We are entering uncertain times and attention has quickly turned to the impact of that uncertainty on the delivery of homes
We are nowhere near the 250,000 homes we need to build each year in order to meet current need, and this air of uncertainty is likely to further dent progress towards that target.
And it hasn’t taken long, amid the general worry about how we meet our housing needs, the planning system has been blamed, again, and in new and colourful ways. I saw it described as a byzantine system recently. I had to look that up.
It is fair to say the system could use some work, or at least some proper resourcing at local planning authority level, to ensure increased speed of delivery.
But the repeated criticisms overlook some other important factors that prevent the homes being built; or at least would if we could magically deliver permissions for all the homes we need.
Let’s start with bricks. The brick shortage has been much-publicised and, depending on which report you believe, has either ended or is still a crisis.
Our experience at least is that lead-in times for ordering bricks are commensurately as long as timescales for determining planning applications or agreeing s106s. But even if the shortage is considered to be over, you can be sure that the current supply would never be able to keep up with the demand should the permissions all magically fall into place.
And it follows that if there’s a shortage of bricks against current demand then an instantaneous permission pipeline for all the homes we need would cause acute shortages of any number of other building materials.
Source to match demand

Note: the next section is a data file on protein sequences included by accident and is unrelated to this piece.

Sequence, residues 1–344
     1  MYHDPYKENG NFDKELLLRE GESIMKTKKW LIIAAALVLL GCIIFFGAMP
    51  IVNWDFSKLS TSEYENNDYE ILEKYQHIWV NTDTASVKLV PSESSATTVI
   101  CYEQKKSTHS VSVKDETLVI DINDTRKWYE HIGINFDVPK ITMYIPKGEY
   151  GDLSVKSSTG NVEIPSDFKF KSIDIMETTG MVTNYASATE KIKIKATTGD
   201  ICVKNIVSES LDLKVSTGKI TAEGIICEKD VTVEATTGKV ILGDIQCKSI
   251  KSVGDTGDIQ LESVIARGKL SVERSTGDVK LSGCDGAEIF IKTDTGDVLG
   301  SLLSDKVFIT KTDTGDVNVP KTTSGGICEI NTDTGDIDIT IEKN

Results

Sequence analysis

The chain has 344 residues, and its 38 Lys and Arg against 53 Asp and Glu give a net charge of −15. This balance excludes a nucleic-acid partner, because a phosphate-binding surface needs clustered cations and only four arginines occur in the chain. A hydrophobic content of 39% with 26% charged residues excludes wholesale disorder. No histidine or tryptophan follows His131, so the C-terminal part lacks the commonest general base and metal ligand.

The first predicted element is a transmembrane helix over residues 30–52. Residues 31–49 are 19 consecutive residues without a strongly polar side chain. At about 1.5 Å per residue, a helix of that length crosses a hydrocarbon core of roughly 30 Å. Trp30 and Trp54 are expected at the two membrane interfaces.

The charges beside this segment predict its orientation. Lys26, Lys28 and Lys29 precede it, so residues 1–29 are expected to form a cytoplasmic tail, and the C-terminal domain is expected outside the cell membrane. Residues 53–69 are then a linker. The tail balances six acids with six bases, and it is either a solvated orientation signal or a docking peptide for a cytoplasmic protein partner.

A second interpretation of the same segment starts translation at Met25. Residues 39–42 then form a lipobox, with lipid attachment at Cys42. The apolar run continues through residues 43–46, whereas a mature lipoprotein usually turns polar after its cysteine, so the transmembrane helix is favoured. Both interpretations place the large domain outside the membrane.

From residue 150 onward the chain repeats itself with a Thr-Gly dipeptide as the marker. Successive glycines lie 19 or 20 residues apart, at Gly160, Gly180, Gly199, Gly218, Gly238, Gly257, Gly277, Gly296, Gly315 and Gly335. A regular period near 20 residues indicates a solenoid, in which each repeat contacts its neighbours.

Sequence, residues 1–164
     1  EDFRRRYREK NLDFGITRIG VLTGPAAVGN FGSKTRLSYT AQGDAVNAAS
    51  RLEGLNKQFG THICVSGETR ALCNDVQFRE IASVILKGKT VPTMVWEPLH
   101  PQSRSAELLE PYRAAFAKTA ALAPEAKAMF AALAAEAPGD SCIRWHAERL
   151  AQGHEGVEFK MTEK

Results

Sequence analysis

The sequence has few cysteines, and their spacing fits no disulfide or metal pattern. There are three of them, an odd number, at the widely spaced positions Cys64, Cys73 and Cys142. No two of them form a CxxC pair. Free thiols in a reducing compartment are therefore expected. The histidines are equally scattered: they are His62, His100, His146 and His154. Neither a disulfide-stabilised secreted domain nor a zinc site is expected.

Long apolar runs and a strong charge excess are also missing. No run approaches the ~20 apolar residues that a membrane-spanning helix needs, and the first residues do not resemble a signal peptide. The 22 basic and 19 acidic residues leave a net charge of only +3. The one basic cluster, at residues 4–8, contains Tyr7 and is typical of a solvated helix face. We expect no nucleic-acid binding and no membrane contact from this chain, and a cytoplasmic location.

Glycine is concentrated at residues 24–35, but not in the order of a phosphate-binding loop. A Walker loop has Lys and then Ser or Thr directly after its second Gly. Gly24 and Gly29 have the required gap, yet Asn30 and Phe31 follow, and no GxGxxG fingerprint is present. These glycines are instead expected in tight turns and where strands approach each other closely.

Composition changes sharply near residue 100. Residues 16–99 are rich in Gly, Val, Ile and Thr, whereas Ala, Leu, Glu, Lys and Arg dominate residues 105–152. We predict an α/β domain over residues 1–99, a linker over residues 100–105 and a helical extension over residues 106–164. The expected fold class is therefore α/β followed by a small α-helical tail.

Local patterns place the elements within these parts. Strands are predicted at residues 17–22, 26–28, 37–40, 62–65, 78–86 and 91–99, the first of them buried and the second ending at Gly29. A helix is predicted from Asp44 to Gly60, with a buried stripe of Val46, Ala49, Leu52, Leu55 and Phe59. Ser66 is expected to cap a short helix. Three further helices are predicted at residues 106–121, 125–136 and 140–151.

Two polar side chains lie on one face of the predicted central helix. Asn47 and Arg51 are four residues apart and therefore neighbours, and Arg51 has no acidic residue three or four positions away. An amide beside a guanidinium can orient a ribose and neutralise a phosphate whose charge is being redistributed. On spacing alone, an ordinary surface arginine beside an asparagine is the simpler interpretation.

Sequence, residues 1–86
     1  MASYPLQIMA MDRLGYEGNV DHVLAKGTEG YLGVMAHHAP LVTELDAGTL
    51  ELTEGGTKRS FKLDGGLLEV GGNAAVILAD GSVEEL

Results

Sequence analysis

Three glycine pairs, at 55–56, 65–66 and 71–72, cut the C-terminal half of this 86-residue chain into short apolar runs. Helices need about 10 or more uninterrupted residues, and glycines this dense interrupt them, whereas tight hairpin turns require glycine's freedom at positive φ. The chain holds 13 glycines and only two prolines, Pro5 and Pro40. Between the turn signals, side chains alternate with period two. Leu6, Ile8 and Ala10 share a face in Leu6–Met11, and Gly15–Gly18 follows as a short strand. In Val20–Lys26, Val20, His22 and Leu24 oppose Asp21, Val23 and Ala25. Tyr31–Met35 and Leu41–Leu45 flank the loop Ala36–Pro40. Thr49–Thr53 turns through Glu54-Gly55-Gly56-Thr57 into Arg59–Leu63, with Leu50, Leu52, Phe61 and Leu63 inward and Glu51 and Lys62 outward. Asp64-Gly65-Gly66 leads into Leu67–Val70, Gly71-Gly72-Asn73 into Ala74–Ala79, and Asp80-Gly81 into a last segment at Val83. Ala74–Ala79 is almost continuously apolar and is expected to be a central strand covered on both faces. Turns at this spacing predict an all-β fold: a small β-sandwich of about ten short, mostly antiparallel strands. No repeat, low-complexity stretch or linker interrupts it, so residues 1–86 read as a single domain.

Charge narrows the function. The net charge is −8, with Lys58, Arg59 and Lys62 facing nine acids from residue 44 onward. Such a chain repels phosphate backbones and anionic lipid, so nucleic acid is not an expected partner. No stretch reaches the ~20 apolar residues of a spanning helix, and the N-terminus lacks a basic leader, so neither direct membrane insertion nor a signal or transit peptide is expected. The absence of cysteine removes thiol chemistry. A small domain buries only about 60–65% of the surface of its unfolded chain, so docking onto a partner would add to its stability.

Some might be more easy to source or manufacture quickly to match demand, as one would expect them to be in any case, but there are sure to be other materials that would require considerable lead-in times to get production to levels to match the demand should we have permissions ready to go for 250,000 homes per year.
Perhaps more important than the materials, are the people to put them in place.
Finding a skilled workforce is proving difficult for many developers, and the shortage of workers is driving up build costs. A doubling of our pipeline for new homes could simply not be sustained by our current workforce.
None of these problems are, of course, insurmountable. And one might argue that had the planning system kept pace with delivery of permissions in line with national targets that the raw materials and workforce would have kept pace with them. In that regard the argument is somewhat circular, as well as being whimsical.
But it is impossible divorce these issues from the current climate of uncertainty surrounding Europe. Not only does mainland Europe provide a substantial part of our building workforce but it is a source of materials as well.
A break in economic ties from the continent could make the issue more real, and we could find ourselves in a position that the materials and workforce really cannot keep pace with planning permissions. Wouldn’t that be a turnaround?
Grant Leggett is head of Boyer’s London office